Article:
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As funny as it is moving this is a remarkable book by an interesting person who is able to look at their life with empathy, honesty and bravery. So many layers to this book, what it is like to be a Muslim actor especially since 9/11, growing up muslim in a confusing world, realising you are a gay muslim in case the world wasn't confusing enough. As you might expect sometime step story is grim and there is violence and prejudice. Amrou writes honestly about how he navigated this even when it meant throwing people under the bus so he'd have an easier time. There is a wonderful chapter about his 'aquarium' phase where the idea of being a mermaid and how the sea is actually quiet queer was beautiful and magical. The chapters on Eton and Cambridge were a fascinating account of these privileged institutions by someone who was always seen as an outsider because of his ethnicity.
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Unicorn is the memoir of Amrou Al-Kadhi, a Muslim drag queen, as the title suggests! It begins with their childhood in a conservative Muslim family and follows them through their life as they learn to reconcile the different facets of their identity, Muslim and queer, through their drag persona, Glamrou.
The writing here is conversational and often funny, but the narrative isn't afraid to explore weighty topics. Al-Kadhi writes about how the intersections of their identity can be simultaneously freeing and restricting, and the fear of having to choose one aspect of oneself over another. Ultimately, the message here is that authenticity doesn't have to come at the expense of acceptance.
A really insightful memoir.
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Loved this - more books like this, please! Thanks to the publisher for allowing me to read a book by a non-binary drag queen. How far we've come in a short space of time (though still so much to be done!)
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Just turned the last page of this book and have mixed feelings. I loved it to begin with but towards the end found myself skim reading large chunks which allowed me to get the gist of things in order to finish the book. I felt that the author went to far into the religious and political elements towards the last third of the book and I felt preached at instead of being given an insight into his world. This is totally the authors right to do this however, his book, his rules and my choice to read it. The beginning of the book was very interesting, beautifully written with lots of humour on a compelling and heart wrenching topic.
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A hard and emotional read, yet strangely joyful too.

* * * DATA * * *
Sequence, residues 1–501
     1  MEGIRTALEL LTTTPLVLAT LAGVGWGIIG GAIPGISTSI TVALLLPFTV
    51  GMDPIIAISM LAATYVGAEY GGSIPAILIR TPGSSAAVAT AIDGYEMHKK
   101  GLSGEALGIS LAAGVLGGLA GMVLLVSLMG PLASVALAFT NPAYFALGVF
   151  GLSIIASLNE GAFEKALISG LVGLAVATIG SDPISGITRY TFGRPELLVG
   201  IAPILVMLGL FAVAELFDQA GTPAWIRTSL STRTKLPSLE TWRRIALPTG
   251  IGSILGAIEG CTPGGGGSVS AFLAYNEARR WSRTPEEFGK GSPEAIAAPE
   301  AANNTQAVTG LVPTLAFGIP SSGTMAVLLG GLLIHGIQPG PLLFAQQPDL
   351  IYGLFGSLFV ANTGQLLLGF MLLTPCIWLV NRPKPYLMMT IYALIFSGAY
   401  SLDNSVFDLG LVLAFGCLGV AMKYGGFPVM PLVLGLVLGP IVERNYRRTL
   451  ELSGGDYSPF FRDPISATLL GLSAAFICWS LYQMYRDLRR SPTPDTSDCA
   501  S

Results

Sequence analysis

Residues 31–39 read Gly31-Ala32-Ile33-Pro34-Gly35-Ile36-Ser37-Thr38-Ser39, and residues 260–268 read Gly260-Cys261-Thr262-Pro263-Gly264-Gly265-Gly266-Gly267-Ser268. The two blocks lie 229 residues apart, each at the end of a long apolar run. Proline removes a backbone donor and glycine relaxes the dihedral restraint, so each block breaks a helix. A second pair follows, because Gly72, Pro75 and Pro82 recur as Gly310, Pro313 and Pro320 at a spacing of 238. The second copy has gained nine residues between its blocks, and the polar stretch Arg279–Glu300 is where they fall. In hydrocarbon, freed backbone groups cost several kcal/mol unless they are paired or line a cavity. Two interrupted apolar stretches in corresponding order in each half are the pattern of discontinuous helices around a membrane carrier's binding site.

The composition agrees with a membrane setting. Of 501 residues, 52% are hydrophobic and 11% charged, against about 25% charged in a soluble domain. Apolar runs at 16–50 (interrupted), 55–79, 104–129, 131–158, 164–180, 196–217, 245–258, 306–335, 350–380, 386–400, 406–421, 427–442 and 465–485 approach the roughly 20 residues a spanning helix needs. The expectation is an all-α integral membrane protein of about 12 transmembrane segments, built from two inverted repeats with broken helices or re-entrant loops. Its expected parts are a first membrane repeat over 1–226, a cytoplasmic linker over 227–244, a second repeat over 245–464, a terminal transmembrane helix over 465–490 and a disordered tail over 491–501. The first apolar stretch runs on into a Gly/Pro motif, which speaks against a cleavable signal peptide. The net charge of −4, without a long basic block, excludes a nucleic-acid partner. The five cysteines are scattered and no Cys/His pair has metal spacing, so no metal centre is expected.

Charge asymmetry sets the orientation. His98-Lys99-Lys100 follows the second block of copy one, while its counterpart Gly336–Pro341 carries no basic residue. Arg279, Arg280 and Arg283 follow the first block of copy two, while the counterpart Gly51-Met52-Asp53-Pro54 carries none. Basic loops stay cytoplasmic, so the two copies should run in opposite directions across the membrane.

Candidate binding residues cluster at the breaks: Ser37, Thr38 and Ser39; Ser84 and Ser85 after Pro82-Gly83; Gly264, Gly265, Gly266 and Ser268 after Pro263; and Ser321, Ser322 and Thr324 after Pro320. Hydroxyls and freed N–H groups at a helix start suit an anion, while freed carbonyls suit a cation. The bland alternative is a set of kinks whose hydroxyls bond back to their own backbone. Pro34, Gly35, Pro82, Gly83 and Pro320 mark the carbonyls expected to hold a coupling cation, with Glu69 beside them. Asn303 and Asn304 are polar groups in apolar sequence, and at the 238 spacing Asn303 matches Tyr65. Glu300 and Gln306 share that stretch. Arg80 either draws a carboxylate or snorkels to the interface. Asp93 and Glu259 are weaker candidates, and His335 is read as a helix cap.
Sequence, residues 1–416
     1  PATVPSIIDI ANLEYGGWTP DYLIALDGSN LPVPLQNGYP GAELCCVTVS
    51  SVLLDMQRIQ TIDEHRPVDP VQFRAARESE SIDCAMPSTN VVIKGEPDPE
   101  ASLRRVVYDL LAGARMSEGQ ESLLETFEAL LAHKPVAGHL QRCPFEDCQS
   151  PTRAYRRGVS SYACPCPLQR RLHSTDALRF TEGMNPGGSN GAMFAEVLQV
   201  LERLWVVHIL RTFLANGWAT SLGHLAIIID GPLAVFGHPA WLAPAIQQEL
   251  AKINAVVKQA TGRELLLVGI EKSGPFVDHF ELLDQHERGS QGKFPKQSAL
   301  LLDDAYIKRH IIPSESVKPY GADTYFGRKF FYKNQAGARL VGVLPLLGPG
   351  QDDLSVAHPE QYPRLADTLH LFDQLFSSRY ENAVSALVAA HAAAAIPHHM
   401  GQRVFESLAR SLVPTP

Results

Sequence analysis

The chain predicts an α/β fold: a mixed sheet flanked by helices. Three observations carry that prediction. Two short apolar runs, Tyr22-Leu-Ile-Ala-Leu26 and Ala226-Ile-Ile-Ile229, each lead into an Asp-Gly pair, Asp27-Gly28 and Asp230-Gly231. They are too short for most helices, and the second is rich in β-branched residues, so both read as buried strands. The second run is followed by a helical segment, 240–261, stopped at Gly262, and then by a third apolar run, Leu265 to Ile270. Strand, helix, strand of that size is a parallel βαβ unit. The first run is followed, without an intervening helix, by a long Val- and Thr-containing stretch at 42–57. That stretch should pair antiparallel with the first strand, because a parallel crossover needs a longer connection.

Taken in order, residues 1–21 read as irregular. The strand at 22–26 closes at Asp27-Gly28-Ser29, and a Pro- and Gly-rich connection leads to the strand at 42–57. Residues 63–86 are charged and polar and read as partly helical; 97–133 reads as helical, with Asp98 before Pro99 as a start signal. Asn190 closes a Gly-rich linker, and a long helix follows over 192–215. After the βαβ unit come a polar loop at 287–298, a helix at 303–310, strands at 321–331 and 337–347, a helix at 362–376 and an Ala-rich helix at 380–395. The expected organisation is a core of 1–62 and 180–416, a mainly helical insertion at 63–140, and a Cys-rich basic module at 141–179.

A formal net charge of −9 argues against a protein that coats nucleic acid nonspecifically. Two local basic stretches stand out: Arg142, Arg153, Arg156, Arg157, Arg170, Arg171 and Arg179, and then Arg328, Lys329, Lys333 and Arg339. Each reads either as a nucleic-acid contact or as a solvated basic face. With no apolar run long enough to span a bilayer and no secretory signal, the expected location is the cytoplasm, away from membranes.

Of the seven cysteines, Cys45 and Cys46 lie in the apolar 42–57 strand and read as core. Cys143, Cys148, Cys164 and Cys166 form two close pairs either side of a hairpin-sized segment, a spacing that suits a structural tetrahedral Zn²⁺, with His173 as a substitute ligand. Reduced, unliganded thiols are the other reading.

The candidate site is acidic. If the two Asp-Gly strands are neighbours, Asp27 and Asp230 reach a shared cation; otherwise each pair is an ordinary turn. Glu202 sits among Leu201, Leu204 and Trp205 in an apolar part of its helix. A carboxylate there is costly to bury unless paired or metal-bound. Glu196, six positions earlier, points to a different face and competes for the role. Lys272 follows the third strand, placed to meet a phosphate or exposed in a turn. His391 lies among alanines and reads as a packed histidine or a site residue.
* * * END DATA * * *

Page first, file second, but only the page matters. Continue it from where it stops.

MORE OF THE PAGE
The author is absolutely honest and so many times my heart broke for him. But I did enjoy his journey and thought that the reality/hardships were well written and with a dash of spirit. 
Many will agree this is an important book and many - anyone who has found themselves on the fringes of society or their families - should find comfort in it.
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A heartwarming, tear-jerking book about a subject that you don't really hear about. A great read and I would thoroughly recommend it.
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Let's just start off by saying that I am rubbish at make-up. I wear it about 3 or 4 times a year and, even then, you'd probably not notice. I just don't see the point (and I've got used to having slightly bald eyebrows...). I also have real problems with high heels and am inclined to fall off anything higher than an inch or so. I often joke that these are the reasons why I left Essex but they do not prevent me from admiring the artistry (and courage and sheer glory) of drag artists. I've never been on a space-ship but still enjoy science-fiction: I'm not going to allow my tendency to practical footwear and bald brows stop me from appreciating Amrou Al-Kadhi's book, a memoir of a Muslim drag queen.

As a small boy Amrou adored his* beautiful mother and had a happy, privileged and traditionally Islamic life. His twin brother spent more time with their father - they were the family sports fans - but he delighted in watching her chose outfits and make herself presentable in a world that judged people by appearances. But no-one can retain the innocence of early childhood and the family bonds become severely strained by Amrou's developing sexuality, his precocious intelligence and his inability to become the person he is sure his community wants him to be.  We follow him through school - where he ends up at Eton in an effort to replace his essential 'arab-ness' with something quintessentially British - and university - where academic excellence is sacrificed on an altar of hedonism. Through it all his joys - in friendships and scholastic achievement - are almost wiped out by self-loathing brought on by the knowledge that his way of life, no, who he really is, is wrong in the eyes of his family, his faith and his community. Drag, however, helps him to realise his worth as a human being and, by the end of the book, to have found acceptance from those who really matter to him.

*I know that I am not using Amrou's preferred they/their pronouns. I have the utmost respect for this but got totally lost on the grammar - a task for me to undertake for the future. Please feel free to offer advice (politely....)